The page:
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Title: Modelling individual and place variations in residential moves using commercial data and official statistics
Author: Thomas, Michael James
ISNI:       0000 0004 5364 4387
Awarding Body: University of Leeds
Current Institution: University of Leeds
Date of Award: 2014
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Through its ability to transform local area population size, composition and character, residential mobility is a subject of particular relevance for policy makers, service providers, academics and, to some extent, the population at large. Whilst the phenomenon can be understood in very basic terms as the relocation of an individual and/or household from one geographic location to another, the place-based and subject-specific determinants that are said to inform population movement, and the associated propensities and trends, are inherently complex and multifaceted. There is a long tradition in the quantitative study of population movement in Great Britain, with a great many models calibrated using different data sources of varying detail, size and coverage and designed with the purpose of providing improved interpretation and understanding of either micro (individual/household) or macro (area) processes. In this thesis a new source of commercial data is employed which has the potential to allow for a novel break from the traditional dichotomy of the micro/macro approach. Indeed, through the combined use of detailed geo-referenced and geographically extensive microdata, appropriate statistical methods, and well-informed micro and macro theory, this work is able to simultaneously measure, analyse and interpret a variety of individual and place variations in residential mobility in Britain. The thesis integrates a previously unused source of commercial data with official statistics and provides unique insights into various multilevel patterns, propensities and characteristics of residential mobility that have, whilst long theorised, often been difficult to demonstrate empirically due to a longstanding dearth in access to suitably detailed data and methods. In particular, new insights are gained through the examination of a number of understudied subjective and behavioural characteristics of movers vis-à-vis stayers across different life-course stages, the detailed interrogation of duration-of-residence effects and associated residential exposure times on future movement propensities and the simultaneous analysis of micro and macrogeographical (origin and destination) variations in the postcode-to-postcode distance travelled by recent movers.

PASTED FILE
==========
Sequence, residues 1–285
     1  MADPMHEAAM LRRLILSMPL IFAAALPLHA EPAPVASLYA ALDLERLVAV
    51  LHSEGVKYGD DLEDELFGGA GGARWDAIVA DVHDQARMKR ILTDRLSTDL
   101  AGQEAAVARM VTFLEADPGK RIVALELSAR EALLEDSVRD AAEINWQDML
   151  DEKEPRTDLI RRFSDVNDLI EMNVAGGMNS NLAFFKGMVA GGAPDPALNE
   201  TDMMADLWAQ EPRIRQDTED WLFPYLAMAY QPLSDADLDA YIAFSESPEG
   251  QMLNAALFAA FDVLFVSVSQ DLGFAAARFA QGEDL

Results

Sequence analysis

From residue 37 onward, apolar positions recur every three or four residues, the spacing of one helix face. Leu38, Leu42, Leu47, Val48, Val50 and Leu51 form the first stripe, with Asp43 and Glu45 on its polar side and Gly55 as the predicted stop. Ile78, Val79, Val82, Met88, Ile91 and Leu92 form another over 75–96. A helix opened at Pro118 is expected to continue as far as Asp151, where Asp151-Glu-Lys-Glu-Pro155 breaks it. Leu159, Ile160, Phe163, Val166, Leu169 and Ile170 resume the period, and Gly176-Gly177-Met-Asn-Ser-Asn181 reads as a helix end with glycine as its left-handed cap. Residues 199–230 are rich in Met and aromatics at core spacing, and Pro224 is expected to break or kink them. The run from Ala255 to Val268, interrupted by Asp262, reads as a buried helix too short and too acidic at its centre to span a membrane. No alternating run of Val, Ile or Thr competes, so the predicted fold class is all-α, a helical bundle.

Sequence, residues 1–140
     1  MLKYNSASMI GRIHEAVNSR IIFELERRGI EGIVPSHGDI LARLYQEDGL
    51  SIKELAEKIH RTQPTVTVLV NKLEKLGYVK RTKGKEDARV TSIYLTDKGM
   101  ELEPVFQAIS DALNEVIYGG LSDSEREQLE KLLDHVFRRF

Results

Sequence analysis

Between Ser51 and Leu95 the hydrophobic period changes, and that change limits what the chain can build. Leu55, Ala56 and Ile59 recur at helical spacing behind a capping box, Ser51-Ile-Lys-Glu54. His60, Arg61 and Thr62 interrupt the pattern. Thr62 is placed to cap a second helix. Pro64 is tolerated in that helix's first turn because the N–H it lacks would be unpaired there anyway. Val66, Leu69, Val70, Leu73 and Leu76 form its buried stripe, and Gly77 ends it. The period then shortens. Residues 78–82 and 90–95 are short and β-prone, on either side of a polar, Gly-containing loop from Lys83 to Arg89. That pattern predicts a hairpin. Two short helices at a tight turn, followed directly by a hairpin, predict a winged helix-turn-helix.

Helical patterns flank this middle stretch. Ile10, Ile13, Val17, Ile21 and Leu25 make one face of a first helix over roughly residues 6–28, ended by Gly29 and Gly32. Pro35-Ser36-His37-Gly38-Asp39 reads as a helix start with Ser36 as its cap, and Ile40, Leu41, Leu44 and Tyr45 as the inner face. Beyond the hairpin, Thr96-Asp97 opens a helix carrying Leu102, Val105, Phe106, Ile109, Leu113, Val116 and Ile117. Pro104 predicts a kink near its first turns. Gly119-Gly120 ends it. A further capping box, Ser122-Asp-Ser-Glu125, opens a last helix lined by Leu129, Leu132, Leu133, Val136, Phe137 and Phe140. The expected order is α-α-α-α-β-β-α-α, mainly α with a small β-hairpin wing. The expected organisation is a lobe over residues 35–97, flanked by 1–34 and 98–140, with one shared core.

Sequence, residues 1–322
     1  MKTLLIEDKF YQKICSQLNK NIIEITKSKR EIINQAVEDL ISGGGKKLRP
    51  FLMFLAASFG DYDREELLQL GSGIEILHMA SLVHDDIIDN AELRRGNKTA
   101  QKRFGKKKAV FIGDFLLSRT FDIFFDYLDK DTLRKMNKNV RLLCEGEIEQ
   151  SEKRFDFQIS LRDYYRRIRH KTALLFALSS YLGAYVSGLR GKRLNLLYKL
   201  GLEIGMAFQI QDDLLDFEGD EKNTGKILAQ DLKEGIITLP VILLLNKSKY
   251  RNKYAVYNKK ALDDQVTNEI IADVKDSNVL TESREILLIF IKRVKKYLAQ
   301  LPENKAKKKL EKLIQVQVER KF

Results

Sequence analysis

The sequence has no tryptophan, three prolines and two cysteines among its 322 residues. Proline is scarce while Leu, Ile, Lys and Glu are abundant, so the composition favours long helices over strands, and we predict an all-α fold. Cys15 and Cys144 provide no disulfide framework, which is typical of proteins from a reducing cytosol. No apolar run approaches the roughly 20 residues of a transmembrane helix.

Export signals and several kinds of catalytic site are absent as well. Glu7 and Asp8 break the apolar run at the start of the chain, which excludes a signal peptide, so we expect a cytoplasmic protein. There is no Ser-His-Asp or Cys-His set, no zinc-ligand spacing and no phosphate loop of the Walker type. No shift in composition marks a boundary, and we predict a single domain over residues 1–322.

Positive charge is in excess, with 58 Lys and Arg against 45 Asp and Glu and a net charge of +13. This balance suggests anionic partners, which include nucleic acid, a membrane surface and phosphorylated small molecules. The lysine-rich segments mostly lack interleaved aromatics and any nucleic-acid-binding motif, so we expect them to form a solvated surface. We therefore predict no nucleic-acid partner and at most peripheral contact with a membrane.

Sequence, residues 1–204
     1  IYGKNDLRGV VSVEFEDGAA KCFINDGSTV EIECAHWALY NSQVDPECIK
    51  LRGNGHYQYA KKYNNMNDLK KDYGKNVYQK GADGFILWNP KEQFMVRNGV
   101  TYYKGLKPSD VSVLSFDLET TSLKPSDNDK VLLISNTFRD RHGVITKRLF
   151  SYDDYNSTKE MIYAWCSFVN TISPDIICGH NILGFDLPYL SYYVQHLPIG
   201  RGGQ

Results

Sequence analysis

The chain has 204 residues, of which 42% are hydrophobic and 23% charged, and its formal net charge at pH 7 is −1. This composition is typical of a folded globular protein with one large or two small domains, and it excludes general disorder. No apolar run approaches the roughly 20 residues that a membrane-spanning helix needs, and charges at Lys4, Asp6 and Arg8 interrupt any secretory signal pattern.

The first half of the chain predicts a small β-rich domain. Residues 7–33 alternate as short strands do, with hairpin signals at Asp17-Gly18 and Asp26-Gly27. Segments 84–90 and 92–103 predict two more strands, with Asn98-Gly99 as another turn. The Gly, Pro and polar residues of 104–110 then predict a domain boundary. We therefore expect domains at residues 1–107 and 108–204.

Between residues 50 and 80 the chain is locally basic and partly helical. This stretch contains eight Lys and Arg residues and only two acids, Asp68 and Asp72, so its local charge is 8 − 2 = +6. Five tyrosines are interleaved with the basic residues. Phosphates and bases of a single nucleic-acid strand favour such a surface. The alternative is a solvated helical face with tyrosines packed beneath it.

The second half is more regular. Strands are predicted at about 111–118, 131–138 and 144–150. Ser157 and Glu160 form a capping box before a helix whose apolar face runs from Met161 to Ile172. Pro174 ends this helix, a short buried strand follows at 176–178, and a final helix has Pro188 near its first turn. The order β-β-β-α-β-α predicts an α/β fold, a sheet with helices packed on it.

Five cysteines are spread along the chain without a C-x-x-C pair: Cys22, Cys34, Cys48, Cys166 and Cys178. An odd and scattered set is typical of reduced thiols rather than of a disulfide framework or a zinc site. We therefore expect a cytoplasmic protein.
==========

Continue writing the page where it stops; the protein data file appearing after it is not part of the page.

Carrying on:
Supervisor: Stillwell, J. C. H. ; Gould, M. I. Sponsor: ESRC
Qualification Name: Thesis (Ph.D.) Qualification Level: Doctoral
EThOS ID:  DOI: Not available